THIS week the Royal Agricultural Society of NSW will host arguably the largest annual agricultural event in Australia, the Sydney Royal Easter Show.
While not the 200th show, this year the society celebrates its bicentenary milestone (several years were missed due to the war), focusing on its core values of promoting excellence in agriculture through competition.
At the heart of agricultural competitions are those built around livestock exhibition. Cattle are a mainstay of any show and in particular the Sydney Royal.
However, the exhibition of cattle is often tempered with an underlying question of the value and relevance to the broader industry in today’s context. Exhibiting cattle is often viewed as an expensive promotional exercise with animals that have been prepared without enduring significant growth challenges compared to animals raised in paddock conditions.
It is also often argued that comparing and selecting one animal over another purely on visual merit neglects the comprehensive genetic information that is now available within breeds. And it is just one judge’s opinion.
The conclusion is that the recognition for an animal is based solely on visuals of a phenotype that may not hold up in breeding programs further into the future.
These arguments have been put forward for many years, possibly since agricultural competitions commenced in Australia. It is important they are put forward and continue to be used to challenge and prompt producers to consider why show livestock and more importantly, what can the results from the ‘lawns’ mean to the wider industry.
Perhaps the first lesson is to remember to put judging into its proper perspective.
The decision to exhibit livestock should be seen as that: a decision for a breeder to place on display the results of their breeding decisions, and breeding direction. It is the opportunity to look at the type and style of animal that each breeder is focused on.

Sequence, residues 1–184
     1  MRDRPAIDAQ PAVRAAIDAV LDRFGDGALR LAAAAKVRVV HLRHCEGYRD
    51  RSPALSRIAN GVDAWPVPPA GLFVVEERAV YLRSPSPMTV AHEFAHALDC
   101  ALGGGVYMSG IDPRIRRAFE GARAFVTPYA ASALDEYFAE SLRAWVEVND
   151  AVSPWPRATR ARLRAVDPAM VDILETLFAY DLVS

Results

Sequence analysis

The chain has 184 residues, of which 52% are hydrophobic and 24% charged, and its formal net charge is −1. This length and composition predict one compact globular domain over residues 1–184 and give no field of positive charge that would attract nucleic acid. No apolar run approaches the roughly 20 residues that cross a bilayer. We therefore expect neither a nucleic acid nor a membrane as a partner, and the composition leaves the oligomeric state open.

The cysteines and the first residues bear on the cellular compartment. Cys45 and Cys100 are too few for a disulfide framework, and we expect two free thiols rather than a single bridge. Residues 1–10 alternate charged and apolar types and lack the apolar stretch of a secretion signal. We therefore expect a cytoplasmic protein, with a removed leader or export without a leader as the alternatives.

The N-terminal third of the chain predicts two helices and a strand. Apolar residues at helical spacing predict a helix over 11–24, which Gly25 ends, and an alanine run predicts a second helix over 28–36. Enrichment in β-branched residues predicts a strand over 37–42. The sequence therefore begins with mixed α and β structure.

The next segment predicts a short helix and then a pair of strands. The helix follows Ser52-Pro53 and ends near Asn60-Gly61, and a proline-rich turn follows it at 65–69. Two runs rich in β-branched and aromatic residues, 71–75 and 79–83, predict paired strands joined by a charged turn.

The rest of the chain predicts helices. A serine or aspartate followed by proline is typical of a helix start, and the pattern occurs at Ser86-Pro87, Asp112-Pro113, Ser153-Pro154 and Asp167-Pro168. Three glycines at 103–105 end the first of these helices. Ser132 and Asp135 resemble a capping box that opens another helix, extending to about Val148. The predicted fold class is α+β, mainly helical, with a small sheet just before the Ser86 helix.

It’s also the opportunity to evaluate their commitment and focus on their cattle. Generally, the cattle on show represent the type of cattle that breeder aims to offer the industry. True, those animals may be the pick of the herd and have had every opportunity to express their genetic potential, but they do represent the breeder. This should be seen as the chance to assess what is on offer and to make the connections that may help bring a commercial producer closer to a breeder, and so find herd bulls in the year ahead that may suit a breeding program.
It is worth noting that while many in the industry may not exhibit livestock, often for the reasons argued earlier, many of those individuals are often to be found watching the judging – whether it be at the Beef Expo in Rockhampton or the Royal Sydney Show.
Those individuals are using the opportunity to expand their network of breeders, to learn what other breeders are focused on, and to make connections for their own programs. In this case, the perspective of exhibiting offers insights in one location that would be harder to achieve in other ways.
Keeping data offered as part of judging in a catalogue in perspective is also essential. At Royal Shows, bulls and led steers are exhibited with weights and fat scans. These raw data sources can be useful, however, it’s important to note these are raw data and shouldn’t be used to assess the genetic potential of bulls as a sire for a breeding program.